Titanic - a Hundred Years On

One hundred years ago, the Titanic, an unsinkable floating hotel, the largest and most luxurious of liners in the world, struck an iceberg and sank, with the loss of more than 1,500 passengers and crew.
What went wrong?

Timothy Garton Ash wrote:

One of the most difficult - strictly speaking, impossible - things for historians to recapture is a sense of what people did NOT know at the time.

I think he sums up the tragedy of the sinking of the Titanic.

She was the largest, the safest, the most luxurious,the most admired, the most desirable of ships.
The people who boarded her were looking forward to the journey of a lifetime; they were envied by all who watched or read about them.

The papers and magazines were full of pictures of the furnishings and fittings, the engineers, designers and builders were filled with self-congratulation, the whole world applauded the latest example of the ingenuity and accomplishment of modern man.
What was it, then, that all these people did NOT know?
Everything, it seemed, had been put into place for the first sailing; no expense,it seemed, had been spared.

Excitement built,and hopes were high; the world was watching......

Much preparation and planning was needed to equip a luxury floating hotel like the Titanic.
Stores of food and drink were impressive:
75,000 pounds of fresh meat
11,000 pounds of fresh fish
8,000 head of poultry and game
6,000 pounds of bacon and ham
2,500 pounds of sausages
35,000 eggs
40 tons of potatoes
7,000 heads of lettuce
1.25 tons of peas
50 boxes of grapefruit
800 bundles of asparagus
3,500 onions
180 boxes of apples
1,500 gallons of milk
2.75 tons of tomatoes
10,000 pounds of sugar
6,000 pounds of butter
36,000 oranges
16,000 lemons
1,000 pounds of grapes
1,750 quarts of ice cream
2,200 pounds of coffee
800 pounds of tea
15,000 bottles of beer and stout
I,500 bottles of wine
850 bottles of spirit
8,000 cigars
All these perishables were taken on board in the day or so before departure from Southampton.
The menus show that the passengers certainly ate well!

Other indispensable items,which did not need to be fresh or refrigerated, were loaded earlier in Belfast. They included:
45,000 table napkins
25,000 towels
15,000 bed sheets and pillow cases
7,500 bath towels
6,000 tablecloths
4,000 aprons

Crockery included:
12,000 dinner plates
4,500 soup plates
3,000 tea cups
3,000 beef tea cups
1,500 coffee cups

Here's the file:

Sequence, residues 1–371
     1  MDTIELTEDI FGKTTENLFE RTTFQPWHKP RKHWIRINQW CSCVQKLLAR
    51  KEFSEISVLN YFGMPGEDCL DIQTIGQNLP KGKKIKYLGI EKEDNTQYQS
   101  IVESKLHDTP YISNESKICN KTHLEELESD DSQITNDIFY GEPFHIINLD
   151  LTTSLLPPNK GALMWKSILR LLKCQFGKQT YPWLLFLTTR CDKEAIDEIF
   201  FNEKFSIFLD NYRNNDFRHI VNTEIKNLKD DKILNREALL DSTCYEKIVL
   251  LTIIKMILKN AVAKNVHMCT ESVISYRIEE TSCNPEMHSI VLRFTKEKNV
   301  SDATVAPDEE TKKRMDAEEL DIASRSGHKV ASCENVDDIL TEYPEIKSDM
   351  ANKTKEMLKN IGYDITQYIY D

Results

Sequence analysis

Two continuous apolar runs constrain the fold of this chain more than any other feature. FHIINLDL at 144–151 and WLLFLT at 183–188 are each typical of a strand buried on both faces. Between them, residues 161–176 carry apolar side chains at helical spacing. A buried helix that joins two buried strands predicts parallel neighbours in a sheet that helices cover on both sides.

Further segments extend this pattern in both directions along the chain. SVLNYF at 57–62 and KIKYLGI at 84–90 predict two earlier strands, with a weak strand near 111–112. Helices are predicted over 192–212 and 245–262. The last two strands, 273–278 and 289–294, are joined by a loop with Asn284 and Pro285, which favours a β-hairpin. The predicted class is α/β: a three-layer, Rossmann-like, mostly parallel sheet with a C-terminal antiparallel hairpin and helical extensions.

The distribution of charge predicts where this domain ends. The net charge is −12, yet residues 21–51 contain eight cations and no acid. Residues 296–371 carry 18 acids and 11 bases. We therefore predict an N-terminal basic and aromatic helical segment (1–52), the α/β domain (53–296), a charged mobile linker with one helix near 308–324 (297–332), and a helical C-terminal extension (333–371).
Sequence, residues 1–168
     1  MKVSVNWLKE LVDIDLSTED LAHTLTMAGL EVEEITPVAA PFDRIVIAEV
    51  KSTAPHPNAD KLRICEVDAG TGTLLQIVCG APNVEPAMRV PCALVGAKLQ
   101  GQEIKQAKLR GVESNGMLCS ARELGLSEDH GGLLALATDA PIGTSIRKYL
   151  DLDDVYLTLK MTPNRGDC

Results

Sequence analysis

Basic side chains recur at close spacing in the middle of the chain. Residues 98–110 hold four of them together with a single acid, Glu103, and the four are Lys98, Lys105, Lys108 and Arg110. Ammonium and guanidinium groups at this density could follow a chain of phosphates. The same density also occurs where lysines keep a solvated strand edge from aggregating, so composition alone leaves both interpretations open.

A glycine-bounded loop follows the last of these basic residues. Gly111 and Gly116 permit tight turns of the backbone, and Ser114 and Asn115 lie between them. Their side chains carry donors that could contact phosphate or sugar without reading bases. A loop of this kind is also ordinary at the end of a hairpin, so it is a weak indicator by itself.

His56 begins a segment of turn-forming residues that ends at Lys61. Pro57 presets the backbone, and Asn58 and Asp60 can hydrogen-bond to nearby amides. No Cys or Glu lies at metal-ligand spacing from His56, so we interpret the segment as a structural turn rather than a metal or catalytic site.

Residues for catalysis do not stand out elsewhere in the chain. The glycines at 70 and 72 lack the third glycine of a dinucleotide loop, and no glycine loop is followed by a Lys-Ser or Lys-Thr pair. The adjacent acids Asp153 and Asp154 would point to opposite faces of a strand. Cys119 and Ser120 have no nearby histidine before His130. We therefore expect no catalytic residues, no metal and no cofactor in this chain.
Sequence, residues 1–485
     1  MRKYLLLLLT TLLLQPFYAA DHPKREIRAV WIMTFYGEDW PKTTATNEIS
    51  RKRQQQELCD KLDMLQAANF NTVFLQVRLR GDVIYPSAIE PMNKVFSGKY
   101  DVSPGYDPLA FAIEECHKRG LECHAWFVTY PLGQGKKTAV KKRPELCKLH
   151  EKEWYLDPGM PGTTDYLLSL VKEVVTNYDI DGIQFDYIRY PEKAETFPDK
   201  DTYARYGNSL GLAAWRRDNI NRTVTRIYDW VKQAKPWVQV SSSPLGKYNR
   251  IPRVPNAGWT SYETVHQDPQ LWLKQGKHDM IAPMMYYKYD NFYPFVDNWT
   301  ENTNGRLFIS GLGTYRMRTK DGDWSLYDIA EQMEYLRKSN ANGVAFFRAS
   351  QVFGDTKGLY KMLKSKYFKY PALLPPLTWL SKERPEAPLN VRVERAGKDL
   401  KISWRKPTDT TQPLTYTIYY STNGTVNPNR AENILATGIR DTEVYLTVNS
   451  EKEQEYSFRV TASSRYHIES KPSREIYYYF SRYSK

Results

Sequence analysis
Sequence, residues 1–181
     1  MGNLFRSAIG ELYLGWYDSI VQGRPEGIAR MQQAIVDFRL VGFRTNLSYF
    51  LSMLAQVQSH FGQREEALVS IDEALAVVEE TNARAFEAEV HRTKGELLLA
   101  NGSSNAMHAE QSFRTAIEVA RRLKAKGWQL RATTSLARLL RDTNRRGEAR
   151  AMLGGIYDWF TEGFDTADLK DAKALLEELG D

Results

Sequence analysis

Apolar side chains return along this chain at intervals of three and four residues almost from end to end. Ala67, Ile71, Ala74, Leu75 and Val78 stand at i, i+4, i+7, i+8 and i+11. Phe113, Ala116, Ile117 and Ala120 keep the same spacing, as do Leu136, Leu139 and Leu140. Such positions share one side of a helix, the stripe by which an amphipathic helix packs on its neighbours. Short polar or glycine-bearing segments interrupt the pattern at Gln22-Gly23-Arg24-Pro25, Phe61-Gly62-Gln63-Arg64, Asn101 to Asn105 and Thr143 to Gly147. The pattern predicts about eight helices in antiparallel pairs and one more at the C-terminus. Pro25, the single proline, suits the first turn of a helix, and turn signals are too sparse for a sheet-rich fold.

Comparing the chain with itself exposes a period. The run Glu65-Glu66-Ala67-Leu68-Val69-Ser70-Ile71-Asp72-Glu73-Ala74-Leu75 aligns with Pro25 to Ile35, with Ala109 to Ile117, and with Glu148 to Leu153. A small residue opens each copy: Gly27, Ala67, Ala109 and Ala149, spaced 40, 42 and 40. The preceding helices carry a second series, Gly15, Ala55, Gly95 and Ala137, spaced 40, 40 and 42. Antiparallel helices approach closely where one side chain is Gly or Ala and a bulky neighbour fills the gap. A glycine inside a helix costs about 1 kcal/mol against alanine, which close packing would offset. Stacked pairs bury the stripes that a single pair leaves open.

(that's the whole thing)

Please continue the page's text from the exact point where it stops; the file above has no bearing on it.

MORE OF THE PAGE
1,000 cream jugs

Cutlery included:
8,000 dinner forks
1,500 fish forks
1,000 oyster forks
400 sugar tongs
400 asparagus tongs
300 nutcrackers
100 grape scissors

There were 8,000 tumblers
2,000 wine glasses
1,500 champagne flutes
1,200 small liqueur glasses
300 claret jugs

What a pity they didnt plan for the right number of lifeboats!!! If they had, there would have been no need for loss of life....

In 1931 Arthur Rostron, Captain of the Carpathia,wrote:
" It hardly bears thinking about that if there had been sufficient boats that night every soul aboard could have been saved, since it was two and a half hours after she struck that she tilted her massive stern into the heavens & sank by the head, taking with her all that were unprovided for."

Even if the lifeboats available had been properly filled,they could only have carried 1,178 people, 33% of the total number of passengers and crew.

The chief designer, Alexander Carlisle, originally planned for 48 lifeboats and not the possible number of 64.
However, in order to make the decks less cluttered, the ship eventually only carried 20.
There were 2 wooden cutters which would hold 40 each,
14 30-ft. wooden lifeboats which could take 65 each,
and 4 folding (collapsible)boats which had room for 47 each.

Strangely enough, this may have been within the law, because the calculations were based on gross tonnage, not passenger capacity. 

The excited passengers, looking forward to a smooth and luxurious journey,did not know that the Titanic could sink.
Everybody knew that lifeboats were completely unnecessary.....

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